Waylaid in Winter Village: Setting
Welcome back to LEGOctober! My 2013 holiday set, the Winter Village Market, arrived 10 days ago. When I saw the carousel, my first thought was, “Hmmm. Little Brick Township needs a carousel.”
Little Brick Township, however, doesn’t get snow. I had an extra green baseplate, so I thought that maybe I could build the Winter Village Market for the holiday season and then peel the white baseplate off and substitute the green baseplate in 2014.
Not so fast. The first steps of the instructions called for using plates rather than bricks, and plates do not peel off nearly as easily as the taller bricks. (For those unfamiliar with the various categories of pieces, plates are a third the height of bricks, and tiles are the same height as plates, but with no knobs to attach
another piece on top.) Then there were all the details — the snowballs, the wreaths, the snow on the roofs of the little shops. While I could remove the snowballs and the snow tiles from the roofs with little consequence, I would have to find substitutes for the wreath plates, or I would have awkward-looking empty knobs on the sides of the market stands.
Just as all these details create the atmosphere and enhance the authenticity of the Winter Village Market, details are what make the setting of a story tangible, believable, and interesting. Writers of contemporary realistic fiction (as opposed to writers of fantasy, science fiction, and historical fiction) tend to take the setting for granted. After all, this is a world with which readers are familiar, right?
Still, characters move around in a specific world that comes alive through details incorporated into your story. For example, what is the season in which the scene is taking place? How does the weather of that season affect your characters and what they do? Your characters’ clothing must be consistent with the season, or if it isn’t, there needs to be a reason. What does your point of view character notice about his or her environment as he or she goes about each day? What he or she notices tells us about the setting but also tells us about this character’s personality, situation, desires, and values.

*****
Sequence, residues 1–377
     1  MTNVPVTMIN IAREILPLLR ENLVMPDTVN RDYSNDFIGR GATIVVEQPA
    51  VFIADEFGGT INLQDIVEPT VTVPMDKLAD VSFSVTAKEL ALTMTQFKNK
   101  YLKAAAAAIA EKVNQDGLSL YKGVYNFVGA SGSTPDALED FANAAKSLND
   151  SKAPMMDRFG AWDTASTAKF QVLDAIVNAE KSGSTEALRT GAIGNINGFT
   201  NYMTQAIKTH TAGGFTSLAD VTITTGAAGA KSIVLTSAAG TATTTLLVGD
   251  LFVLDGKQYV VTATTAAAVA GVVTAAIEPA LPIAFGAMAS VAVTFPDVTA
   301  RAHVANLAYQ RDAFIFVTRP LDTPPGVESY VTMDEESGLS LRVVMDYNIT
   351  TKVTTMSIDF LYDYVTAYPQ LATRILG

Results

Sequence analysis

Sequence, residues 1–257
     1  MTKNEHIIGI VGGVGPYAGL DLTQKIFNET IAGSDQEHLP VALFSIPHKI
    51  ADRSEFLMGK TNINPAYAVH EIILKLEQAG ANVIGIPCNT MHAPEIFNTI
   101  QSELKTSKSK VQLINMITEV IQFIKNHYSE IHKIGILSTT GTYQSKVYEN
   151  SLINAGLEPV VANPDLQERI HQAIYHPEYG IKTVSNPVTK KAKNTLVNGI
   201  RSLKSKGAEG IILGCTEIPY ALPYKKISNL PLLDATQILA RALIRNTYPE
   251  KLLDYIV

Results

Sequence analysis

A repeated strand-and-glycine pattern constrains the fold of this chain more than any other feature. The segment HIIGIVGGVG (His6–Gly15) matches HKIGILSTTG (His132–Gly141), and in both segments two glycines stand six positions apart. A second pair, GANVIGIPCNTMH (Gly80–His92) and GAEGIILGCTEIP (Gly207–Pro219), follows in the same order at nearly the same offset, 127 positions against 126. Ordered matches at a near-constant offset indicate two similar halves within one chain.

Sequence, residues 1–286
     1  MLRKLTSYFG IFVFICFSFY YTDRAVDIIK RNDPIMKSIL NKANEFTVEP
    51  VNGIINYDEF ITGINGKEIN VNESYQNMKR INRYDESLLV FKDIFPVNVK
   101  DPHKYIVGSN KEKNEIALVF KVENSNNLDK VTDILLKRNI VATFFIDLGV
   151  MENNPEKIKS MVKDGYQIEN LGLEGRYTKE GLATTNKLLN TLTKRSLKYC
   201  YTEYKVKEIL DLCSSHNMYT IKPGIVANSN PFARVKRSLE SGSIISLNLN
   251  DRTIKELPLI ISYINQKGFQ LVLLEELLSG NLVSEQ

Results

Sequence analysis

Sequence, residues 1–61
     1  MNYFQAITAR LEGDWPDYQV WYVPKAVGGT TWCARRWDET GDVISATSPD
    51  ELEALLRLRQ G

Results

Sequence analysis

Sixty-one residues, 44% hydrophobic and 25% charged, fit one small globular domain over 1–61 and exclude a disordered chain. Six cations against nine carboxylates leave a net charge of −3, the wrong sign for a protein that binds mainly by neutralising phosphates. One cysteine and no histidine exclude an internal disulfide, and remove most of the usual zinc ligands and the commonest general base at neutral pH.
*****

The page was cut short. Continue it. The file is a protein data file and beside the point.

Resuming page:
A well drawn setting cannot be easily changed or substituted. If you can transfer your story from one location or time period to another without the entire structure crumbling into a metaphoric pile of bricks, plates, and tiles, your setting may be too generic. It may lack sufficient detail to root the reader in a specific time and place, or the details you offer may not be integrated into the story.
As someone who has written a lot of stories set in South America, I get asked if there’s any way I can change my settings to the United States today. Publishing is a business, and there tends to be more audience for stories set in the reader’s own world than long ago and in countries far away (which begs the question of why fantasy and science fiction are such popular genres today). A story with a well-drawn and well-integrated setting cannot take place anywhere else — or if it does, it will be a completely different story.
Check out my earlier posts in the series “LEGOctober,” which offers writing advice via Little Brick Township and my other Lego constructions. “Minifigs: Character, Personality, and Action” discusses character development, and “Complicating the Minifig: Layered Narrative” explores story arcs and how and when to reveal background information.